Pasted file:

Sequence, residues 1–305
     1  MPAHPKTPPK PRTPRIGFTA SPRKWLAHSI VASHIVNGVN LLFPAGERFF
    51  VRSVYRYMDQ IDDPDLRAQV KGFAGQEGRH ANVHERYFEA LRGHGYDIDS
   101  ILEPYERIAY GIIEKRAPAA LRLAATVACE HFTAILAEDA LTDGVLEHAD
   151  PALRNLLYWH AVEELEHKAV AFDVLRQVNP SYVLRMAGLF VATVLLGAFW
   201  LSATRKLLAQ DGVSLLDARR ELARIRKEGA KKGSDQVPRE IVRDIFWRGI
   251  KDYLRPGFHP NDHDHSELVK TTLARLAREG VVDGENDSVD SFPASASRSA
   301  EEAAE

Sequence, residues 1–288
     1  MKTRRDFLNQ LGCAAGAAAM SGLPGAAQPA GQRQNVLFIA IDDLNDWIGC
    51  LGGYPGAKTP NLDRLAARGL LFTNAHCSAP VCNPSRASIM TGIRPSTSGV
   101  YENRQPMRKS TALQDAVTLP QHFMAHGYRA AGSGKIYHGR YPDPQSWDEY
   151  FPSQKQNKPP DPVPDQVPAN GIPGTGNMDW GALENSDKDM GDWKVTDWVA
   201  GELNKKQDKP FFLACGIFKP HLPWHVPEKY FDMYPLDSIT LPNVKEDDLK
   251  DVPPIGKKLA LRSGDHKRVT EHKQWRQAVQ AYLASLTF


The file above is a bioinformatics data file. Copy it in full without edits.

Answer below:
Sequence, residues 1–305
     1  MPAHPKTPPK PRTPRIGFTA SPRKWLAHSI VASHIVNGVN LLFPAGERFF
    51  VRSVYRYMDQ IDDPDLRAQV KGFAGQEGRH ANVHERYFEA LRGHGYDIDS
   101  ILEPYERIAY GIIEKRAPAA LRLAATVACE HFTAILAEDA LTDGVLEHAD
   151  PALRNLLYWH AVEELEHKAV AFDVLRQVNP SYVLRMAGLF VATVLLGAFW
   201  LSATRKLLAQ DGVSLLDARR ELARIRKEGA KKGSDQVPRE IVRDIFWRGI
   251  KDYLRPGFHP NDHDHSELVK TTLARLAREG VVDGENDSVD SFPASASRSA
   301  EEAAE

Sequence, residues 1–288
     1  MKTRRDFLNQ LGCAAGAAAM SGLPGAAQPA GQRQNVLFIA IDDLNDWIGC
    51  LGGYPGAKTP NLDRLAARGL LFTNAHCSAP VCNPSRASIM TGIRPSTSGV
   101  YENRQPMRKS TALQDAVTLP QHFMAHGYRA AGSGKIYHGR YPDPQSWDEY
   151  FPSQKQNKPP DPVPDQVPAN GIPGTGNMDW GALENSDKDM GDWKVTDWVA
   201  GELNKKQDKP FFLACGIFKP HLPWHVPEKY FDMYPLDSIT LPNVKEDDLK
   251  DVPPIGKKLA LRSGDHKRVT EHKQWRQAVQ AYLASLTF